Earlier this week, the law changed to enable men to share the leave that women are currently entitled to after the birth of a child. From 5 April next year, men can take up to 50 weeks of paternity leave, while their partners can go straight back to work.
The prospect of shared parental leave hasn’t gone down well with British men, according to a survey in the Daily Mail. Seventy-five per cent of men are opposed to the new law, rising to 80 per cent for the over-45s. Only 10 per cent said they’d like to take full advantage of this new entitlement.
I can’t say I’m surprised. It’s not the prospect of having to compete with women on a level playing field that frightens men, but the thought of having to look after their babies for a year. As a father of four, I still have vivid memories of getting tangled up in nappies and spilling sterilised breast milk on my MacBook Pro. The fact that, until this week, men were only entitled to two weeks of paternal leave was a godsend.
After almost 12 years of family life, it’s hard for me not to conclude that women are more suited to this work than men. My wife took to parenting like a duck to water, whereas I found everything to do with babies endlessly perplexing. Indeed, it all came so naturally to Caroline that she simply couldn’t understand why I found it so hard. Often, she would angrily take over a task I was struggling to perform, such as assembling a collapsible buggy, and then accuse me of deliberately mucking it up in order to avoid doing it again. I went from being the head of the household — at least notionally — to being my wife’s bungling assistant.
Defenders of the new law will point out that it’s not mandatory for couples to share paternal leave. If they decide that Mum is better placed to take advantage of the leave than Dad, then they’re free to do that. But in some households it will be more convenient for the men to take time off, whether it’s because the women are earning more, or because the men would actually prefer to spend time at home. Prior to this week’s change in the law, that would have been more difficult because only women were legally entitled to 50 weeks’ leave, 37 of them paid, albeit quite meagrely. Now men and women have the same rights.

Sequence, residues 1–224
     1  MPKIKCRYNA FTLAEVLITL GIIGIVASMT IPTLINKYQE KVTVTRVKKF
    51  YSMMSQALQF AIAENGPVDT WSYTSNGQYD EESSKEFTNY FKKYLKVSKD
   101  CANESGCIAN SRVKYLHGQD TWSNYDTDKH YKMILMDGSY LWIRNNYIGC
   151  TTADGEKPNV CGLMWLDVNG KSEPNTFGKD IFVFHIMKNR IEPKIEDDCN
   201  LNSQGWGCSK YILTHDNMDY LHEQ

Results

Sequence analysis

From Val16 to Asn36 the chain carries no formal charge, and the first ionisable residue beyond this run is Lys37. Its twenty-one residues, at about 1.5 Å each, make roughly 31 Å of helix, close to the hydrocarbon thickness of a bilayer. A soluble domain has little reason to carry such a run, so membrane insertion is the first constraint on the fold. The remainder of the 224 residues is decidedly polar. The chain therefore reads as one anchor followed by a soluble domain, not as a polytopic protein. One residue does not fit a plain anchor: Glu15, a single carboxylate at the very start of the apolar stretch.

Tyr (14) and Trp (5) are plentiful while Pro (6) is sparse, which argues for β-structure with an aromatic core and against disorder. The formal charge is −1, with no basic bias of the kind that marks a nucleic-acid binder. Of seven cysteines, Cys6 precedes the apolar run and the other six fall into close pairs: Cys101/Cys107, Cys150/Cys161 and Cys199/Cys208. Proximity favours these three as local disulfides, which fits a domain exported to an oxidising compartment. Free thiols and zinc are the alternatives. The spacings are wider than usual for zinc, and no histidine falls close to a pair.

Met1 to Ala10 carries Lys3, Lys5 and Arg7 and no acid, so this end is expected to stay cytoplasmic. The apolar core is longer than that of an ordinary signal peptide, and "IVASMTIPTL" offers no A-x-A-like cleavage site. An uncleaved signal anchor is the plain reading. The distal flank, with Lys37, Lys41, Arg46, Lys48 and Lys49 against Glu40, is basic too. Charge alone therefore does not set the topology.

But what guarantee is there that the law won’t change again to make paternal leave compulsory? Exhibit A in the case for the prosecution is the Feminist Initiative, a Swedish political party that won a seat in the European parliament last May. One of its policies is to force men and women to split equally the 480 days of paternal leave couples are entitled to, so fathers would have no choice about spending 240 days at home after the birth of a child. At the Swedish general election in September, the party polled just below the 4 per cent threshold required for parliamentary representation (its 2.5 per cent was four times the vote it attracted in 2006 and enough to qualify for tax-funded financing), but the Feminist Initiative is likely to do better in 2018. If it forms a coalition with the Social Democrats, this draconian piece of social engineering will almost certainly become law.
Some British feminists will hardly regard that as a knock-down argument. On the contrary, they will share the view of their Swedish counterparts that forcing men and women to split paternal leave down the middle is a necessary step in achieving equal pay. Even in egalitarian Sweden, there’s a wage gap of, on average, £10,000 a year between men and women, and it’s larger in Britain and America. At least part of that gap is attributable to discrimination and employers won’t have an excuse to pay women less if the risk of them taking time off after giving birth is no greater than that of men.
Caroline counts herself a feminist and believes in equal pay, but thinks that forcing men to do more childcare isn’t the answer. She’s worried that women won’t be able to concentrate when they return to work on account of worrying about their babies suffering at the hands of their incompetent partners. Her solution is to give women the option of taking the 37 weeks of paid leave in the form of childcare vouchers. That way, they can go back to work confident that their babies will be properly looked after. If only all feminists were as sensible as her.
Toby Young is associate editor of The Spectator.